If there was ever a fairy godmother of ballet, surely it would be Darcey Bussell? She occupies a place in national consciousness that floats somewhere between Judi Dench, Margot Fonteyn and perhaps the late Bruce Forsyth. The union of three thanks to Bussell’s diverse skill set, explored more thoroughly since she hung up her pointe shoes (a national treasure, a ballerina and an all-singing, all-dancing TV personality). If Sergei Polunin is the baddest boy in ballet, then might Bussell be the goodest girl?
She may have exited stage left from the sport (she retired 14 years ago, in 2007), but as the Royal Ballet’s esteemed principal for two decades, dancing for everyone from the royals at Covent Garden to presidents at the New York Met, she has since been elevated to a sort of ballet head girl. Hence – although more likely out of instinct than duty – she’s stepped up in response to the arts-shattering pandemic. Bussell has blown even her capable self out the park with her latest endeavour. For the very first time, eight of Britain’s most accomplished ballet companies – Ballet Black, Birmingham Royal Ballet, English National Ballet, New Adventures, Northern Ballet, Rambert, Scottish Ballet and the Royal Ballet – will unite for an evening on the same stage. It promises to be a spectacle on an unknown scale – set to the sound of Paul Murphy’s 51 piece Royal Ballet Sinfonia orchestra.
I must confess to being something of a Bussell fangirl. A long-serving devotee of her Pilates for Life – and having trialled her DDM (Darcey’s Diverse Dance Mix to the uninitiated) during peak-pandemic, feel I know her very well. So there’s no surprises when she arrives on the Zoom – makeup-less and refreshingly low-key – donning characterful, round spectacles (‘we’ve got matching glasses,’ she points out). Only a monochrome dancing photograph in the background alludes to her gilded former-career that came to a head when she starred as the the ‘Spirit of the Flame’ at the London 2012 Olympics closing ceremony, chosen to – elegantly – extinguish the fire at one of London’s biggest global events.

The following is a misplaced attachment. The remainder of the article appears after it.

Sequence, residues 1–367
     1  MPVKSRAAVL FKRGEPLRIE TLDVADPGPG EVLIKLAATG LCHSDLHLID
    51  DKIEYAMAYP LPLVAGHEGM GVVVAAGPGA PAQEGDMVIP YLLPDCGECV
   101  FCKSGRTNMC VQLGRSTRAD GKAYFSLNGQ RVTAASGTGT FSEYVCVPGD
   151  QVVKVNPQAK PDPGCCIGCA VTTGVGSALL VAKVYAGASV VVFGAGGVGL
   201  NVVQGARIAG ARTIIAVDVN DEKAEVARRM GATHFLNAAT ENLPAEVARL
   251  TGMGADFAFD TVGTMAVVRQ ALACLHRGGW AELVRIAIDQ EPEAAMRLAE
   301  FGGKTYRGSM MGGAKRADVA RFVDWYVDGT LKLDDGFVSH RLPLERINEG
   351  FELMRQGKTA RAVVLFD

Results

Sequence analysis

The Gala lands just on the cusp of the arts world reopening, Thursday 6 June, a factor Bussell considers highly important – although it has inevitably come with its complications. ‘It’s crazy, because we’ve changed the date literally about four times. But I mean, that’s been the company’s world in the last year and a bit,’ she tells me. ‘But I knew that it would only really resonate if we did it right at the beginning of everybody getting back on their feet.’
Bussell admits the event’s organisation has been an ‘inside job’ – helped by the not insignificant portion of her lifetime dedicated to the industry (‘Years help. Lots of years,’ she laughs). One could allege that she was feigning a ‘charity gala’ as an excuse for a reunion with her dancing pals (but, obviously, nobody sane of mind would do such a thing given the rigorous work involved and especially now that socialising – inside and out – is back on the cards). ‘I’ve had to rely on a lot of help. I mean, most of the directors I know – or I’ve danced with or I’ve been with in the company or I’ve gone to school with – it’s a small world, within the UK.’
I’m struck by what a massive undertaking it all is – the first Gala Bussell has ever produced and on an epic scale (‘Galas usually bring together stars of the ballet world, but not companies – so this is what’s different’) – and, inevitably, it’s been hampered by Covid. Many-a-plate is in motion. And it’s all because Bussell is devastated by the shattering effect Covid has wreaked on the dance world. ‘Everybody has noticed how difficult the uptake in tickets is,’ she explains. An additional purpose of the Gala is to help people who would normally frequent the theatre feel like they can return once more. ‘See it as a safe place to be and a place they need to go.’ The endeavour is a full tribute to dance – the industry that has served Dame Darcey so well. The proceeds will be shared between the participating companies and each has nominated a community dance company with which to share the money raised.